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Plant Cell, Tissue and Organ Culture (PCTOC)

, Volume 132, Issue 1, pp 213–217 | Cite as

Construction of genetic transformation system of Salix mongolica: in vitro leaf-based callus induction, adventitious buds differentiation, and plant regeneration

  • Qingjie Guan
  • Mingling He
  • Haiyan Ma
  • Xu Liao
  • Zhenjuan Wang
  • Shenkui LiuEmail author
Research Note
  • 493 Downloads

Abstract

Songnen meadow grassland is a typical saline-alkaline land majorly comprised of carbonate soil. Salix mongolica, a woody species with high adaptability to carbonate soil, is an important supplementary feed in the grassland. Therefore, it is necessary to cultivate new varieties of S. mongolica by using genetic engineering methods to reveal the functions of the plant’s related genes and to construct a plant regeneration and genetic transformation system. In this study, we used leaves of S. mongolica as the explants for induction of leaf-based callus, differentiation of adventitious buds and rooting of adventitious by adding different ratios of 2,4-dichlorophenoxyacetic acid (2,4-D), 6-benzyl aminopurine and naphthaleneacetic acid into the Murashige and Skoog medium. Under the screening conditions of 7.5 mg L−1 hygromycin B and transformation period of 2–5 min using a specific Agrobacterium containing pCXSN-gus plasmids infection concentration (ODλ600 = 0.5), we obtained transgenic strains. PCR detected exogenous gus gene integrated into the chromosome of S. mongolica, Southern blot analysed the T0 transgenic strains single copy inserted into the chromosome, Northern hybridization signals indicated that gus gene mRNA was expressed in the five contemporary transgenic strains. The infected callus, adventitious buds, and regenerated plants displayed a blue color through detection by GUS staining, which reflected the activity of ß-glucuronidase enzyme. This result demonstrated the successful establishment of an Agrobacterium-mediated genetic transformation system from the callus (S. mongolica leaf as a transformation receptor).

Keywords

Salix mongolica Agrobacterium Leaf Callus Genetic transformation 

Notes

Acknowledgements

This work was supported by the National High Technology Research and Development Program of China (Grant No. 2013AA102701-7), The National Key Research and Development Program of China (2016YFC0501203), Program for Chang Jiang Scholars and Innovative Research Team in University (IRT13053), and Heilongjiang Postdoctoral Scientific Research Developmental Fund (LBH-Q15004).

Supplementary material

11240_2017_1265_MOESM1_ESM.doc (34 kb)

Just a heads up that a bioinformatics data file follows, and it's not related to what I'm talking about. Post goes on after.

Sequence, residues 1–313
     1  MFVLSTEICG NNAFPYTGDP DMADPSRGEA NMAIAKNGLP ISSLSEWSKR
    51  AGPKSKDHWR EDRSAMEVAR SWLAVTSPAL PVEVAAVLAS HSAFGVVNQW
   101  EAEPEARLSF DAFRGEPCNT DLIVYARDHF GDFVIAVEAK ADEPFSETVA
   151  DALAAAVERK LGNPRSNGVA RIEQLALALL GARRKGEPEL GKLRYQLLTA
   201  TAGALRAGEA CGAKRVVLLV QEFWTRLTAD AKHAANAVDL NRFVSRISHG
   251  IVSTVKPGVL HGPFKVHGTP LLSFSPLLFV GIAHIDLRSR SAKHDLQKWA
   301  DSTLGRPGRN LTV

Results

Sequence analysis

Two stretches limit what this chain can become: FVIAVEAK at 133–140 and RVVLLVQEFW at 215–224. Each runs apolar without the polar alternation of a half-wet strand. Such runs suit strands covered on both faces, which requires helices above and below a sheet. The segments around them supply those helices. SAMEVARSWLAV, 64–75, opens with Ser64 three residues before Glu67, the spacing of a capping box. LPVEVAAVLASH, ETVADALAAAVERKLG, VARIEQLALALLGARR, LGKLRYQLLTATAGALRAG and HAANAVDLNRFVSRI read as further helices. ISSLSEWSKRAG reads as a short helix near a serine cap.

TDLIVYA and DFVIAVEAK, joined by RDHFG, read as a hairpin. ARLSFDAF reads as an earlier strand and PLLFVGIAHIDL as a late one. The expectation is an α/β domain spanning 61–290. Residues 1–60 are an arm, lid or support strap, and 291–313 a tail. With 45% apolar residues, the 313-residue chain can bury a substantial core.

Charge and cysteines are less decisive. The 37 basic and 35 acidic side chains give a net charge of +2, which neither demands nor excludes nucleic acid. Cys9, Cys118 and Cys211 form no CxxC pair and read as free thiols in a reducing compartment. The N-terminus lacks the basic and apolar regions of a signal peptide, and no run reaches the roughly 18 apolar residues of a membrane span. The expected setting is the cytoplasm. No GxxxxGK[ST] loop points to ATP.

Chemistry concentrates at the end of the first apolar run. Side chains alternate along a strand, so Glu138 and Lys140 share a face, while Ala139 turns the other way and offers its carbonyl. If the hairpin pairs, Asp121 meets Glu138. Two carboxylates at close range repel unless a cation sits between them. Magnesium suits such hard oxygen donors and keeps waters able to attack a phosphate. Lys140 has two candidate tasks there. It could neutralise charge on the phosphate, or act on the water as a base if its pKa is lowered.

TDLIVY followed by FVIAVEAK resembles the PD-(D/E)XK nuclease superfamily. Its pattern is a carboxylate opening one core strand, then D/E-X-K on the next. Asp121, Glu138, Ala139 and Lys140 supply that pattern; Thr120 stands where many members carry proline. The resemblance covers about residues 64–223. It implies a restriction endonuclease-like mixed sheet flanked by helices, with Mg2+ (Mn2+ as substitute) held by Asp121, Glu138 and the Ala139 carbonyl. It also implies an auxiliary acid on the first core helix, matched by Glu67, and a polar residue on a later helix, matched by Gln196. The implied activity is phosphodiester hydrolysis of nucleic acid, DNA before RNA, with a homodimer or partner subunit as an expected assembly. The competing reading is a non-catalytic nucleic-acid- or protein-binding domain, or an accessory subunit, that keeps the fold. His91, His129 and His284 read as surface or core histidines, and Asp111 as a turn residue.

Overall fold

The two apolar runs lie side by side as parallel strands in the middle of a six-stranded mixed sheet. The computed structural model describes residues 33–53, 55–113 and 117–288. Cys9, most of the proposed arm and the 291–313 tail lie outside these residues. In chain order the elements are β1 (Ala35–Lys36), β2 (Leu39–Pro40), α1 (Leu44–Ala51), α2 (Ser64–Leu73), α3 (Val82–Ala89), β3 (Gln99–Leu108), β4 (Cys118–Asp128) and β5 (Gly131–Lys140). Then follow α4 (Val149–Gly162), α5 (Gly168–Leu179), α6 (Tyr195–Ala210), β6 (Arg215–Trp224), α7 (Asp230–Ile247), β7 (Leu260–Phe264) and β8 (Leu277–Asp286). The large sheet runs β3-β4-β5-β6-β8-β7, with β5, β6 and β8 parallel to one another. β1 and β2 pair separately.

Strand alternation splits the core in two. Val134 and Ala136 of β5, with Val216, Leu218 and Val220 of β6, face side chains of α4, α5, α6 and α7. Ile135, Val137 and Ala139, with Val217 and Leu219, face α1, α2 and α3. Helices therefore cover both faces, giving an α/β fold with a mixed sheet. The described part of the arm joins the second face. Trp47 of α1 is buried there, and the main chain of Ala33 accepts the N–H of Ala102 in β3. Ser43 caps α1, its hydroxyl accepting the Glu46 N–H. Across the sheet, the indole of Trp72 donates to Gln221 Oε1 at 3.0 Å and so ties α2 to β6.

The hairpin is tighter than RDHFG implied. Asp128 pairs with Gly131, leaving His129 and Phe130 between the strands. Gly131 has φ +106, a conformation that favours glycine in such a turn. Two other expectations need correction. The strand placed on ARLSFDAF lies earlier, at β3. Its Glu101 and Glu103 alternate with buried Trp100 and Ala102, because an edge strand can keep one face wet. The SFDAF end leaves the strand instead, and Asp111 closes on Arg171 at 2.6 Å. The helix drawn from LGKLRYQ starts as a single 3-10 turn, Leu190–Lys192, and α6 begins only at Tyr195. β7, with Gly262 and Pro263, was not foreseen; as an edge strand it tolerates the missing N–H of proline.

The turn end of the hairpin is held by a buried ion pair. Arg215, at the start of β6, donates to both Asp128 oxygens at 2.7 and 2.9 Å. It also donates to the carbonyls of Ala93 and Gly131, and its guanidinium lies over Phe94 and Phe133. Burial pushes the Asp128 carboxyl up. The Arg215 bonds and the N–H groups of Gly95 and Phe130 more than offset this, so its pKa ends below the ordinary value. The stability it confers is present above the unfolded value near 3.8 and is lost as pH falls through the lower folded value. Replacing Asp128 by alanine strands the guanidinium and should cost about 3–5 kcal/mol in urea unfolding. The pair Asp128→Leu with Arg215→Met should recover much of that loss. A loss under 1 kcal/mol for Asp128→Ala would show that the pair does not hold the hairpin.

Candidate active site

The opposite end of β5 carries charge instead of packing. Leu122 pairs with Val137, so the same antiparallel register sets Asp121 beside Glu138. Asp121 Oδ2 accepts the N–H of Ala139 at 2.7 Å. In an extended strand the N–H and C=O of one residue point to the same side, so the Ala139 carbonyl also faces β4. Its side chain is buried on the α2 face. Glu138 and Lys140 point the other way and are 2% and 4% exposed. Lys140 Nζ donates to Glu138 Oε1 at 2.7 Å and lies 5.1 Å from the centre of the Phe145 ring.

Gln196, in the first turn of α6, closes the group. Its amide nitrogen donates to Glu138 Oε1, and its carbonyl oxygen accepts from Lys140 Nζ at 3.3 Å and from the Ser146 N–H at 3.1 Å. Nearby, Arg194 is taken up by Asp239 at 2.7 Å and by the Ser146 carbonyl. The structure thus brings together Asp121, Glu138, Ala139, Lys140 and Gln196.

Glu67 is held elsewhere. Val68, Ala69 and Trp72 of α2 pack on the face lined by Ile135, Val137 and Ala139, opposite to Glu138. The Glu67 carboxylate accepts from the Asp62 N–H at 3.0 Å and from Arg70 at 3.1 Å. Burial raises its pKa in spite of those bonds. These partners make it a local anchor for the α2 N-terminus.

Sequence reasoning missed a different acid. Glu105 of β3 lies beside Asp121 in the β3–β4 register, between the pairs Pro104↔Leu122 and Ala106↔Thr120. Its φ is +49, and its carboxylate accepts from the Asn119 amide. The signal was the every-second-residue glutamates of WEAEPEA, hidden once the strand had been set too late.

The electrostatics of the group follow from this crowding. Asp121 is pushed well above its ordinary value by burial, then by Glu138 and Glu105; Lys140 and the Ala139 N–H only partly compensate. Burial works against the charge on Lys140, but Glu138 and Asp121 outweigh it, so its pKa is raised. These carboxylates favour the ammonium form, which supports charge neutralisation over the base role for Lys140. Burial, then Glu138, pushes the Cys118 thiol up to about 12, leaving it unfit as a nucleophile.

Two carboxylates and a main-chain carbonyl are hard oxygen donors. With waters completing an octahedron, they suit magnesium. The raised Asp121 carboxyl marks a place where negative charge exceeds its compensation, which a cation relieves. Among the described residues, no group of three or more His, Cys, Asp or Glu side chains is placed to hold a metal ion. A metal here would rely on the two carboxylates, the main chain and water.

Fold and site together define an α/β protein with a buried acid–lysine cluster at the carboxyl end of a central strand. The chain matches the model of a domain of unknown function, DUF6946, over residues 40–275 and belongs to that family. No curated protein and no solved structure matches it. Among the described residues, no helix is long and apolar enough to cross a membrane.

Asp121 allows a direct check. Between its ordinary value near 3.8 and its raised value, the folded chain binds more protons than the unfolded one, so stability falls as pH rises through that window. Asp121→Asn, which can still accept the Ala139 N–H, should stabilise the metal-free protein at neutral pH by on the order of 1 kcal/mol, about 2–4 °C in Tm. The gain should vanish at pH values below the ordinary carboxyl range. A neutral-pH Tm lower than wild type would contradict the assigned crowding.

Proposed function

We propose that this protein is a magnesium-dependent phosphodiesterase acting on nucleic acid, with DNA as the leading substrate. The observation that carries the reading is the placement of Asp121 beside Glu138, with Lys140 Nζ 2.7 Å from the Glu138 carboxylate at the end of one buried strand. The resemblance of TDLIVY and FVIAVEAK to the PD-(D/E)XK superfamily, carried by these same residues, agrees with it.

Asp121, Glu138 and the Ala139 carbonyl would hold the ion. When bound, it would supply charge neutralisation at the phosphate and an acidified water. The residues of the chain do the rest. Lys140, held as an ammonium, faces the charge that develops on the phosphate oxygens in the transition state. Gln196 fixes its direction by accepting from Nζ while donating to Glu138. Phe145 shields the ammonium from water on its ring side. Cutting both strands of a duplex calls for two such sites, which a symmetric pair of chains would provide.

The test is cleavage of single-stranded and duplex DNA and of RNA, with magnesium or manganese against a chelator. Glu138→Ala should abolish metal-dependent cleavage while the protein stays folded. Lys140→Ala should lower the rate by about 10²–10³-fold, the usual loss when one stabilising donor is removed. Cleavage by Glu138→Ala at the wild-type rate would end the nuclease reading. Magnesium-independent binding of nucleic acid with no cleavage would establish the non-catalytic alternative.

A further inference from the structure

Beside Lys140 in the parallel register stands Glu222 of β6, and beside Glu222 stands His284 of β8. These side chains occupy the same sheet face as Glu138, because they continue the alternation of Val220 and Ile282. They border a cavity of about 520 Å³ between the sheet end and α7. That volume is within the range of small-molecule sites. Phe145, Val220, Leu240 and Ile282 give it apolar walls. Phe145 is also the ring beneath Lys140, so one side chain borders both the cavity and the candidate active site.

Supplementary material 1 (DOC 34 KB)
11240_2017_1265_MOESM2_ESM.tif (12.5 mb)
Supplementary Figure 1—Induction of leaf-based callus and plantlet regeneration of S. mongolica. Optimization of culture medium for leaf-based callus induction (A) and differentiation of adventitious buds from the callus. (B); explant leaves (C); callus inducted from the leaves. Bar = 500 µm (D); regeneration buds differentiated from the callus (Bar = 2 mm E and F); rooting plantlets. Bar = 1 cm (G); regenerated seedlings under soil cultivation. Bar = 5 cm (H). (TIF 12819 KB)
11240_2017_1265_MOESM3_ESM.tif (2.3 mb)
Supplementary Figure 2—PCR amplification of the gus gene (573 bp) in randomly selected transformed plantlets maintained for non-transgenic and transgenic T0 line after propagation from cuttings. Lane M: 2000 bp plus DNA marker; Lane CK+:pCXSN-gus plasmid DNA as a CK+; Lane CK: genomic DNA from a non-transformed plantlet as a CK; 2000 bp plus DNA marker (Lanes 1, 12, and 21), CK+ (Lanes 2 and 13), CK (Lanes 2 and 14), #1 (Lane 4), #5(Lane 5), #6(Lane 6), #7 (Lane 7), #8 (Lane 8), #9 (Lane 9), #11 (Lane 10), #12 (Lane 11), #13 (Lanes 15), #14 (Lanes 16), #15 (Lanes 17), #18 (Lanes 18), #19 (Lanes 19), and #20 (Lanes 20) transgenic gus gene plants. (TIF 2319 KB)

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Copyright information

© Springer Science+Business Media B.V. 2017

Authors and Affiliations

  • Qingjie Guan
    • 1
  • Mingling He
    • 1
  • Haiyan Ma
    • 1
  • Xu Liao
    • 1
  • Zhenjuan Wang
    • 1
  • Shenkui Liu
    • 1
    Email author
  1. 1.Key Laboratory of Saline-alkali Vegetation Ecology Restoration (SAVER), Ministry of Education, Alkali Soil Natural Environmental Science Center (ASNESC)Northeast Forestry UniversityHarbinChina

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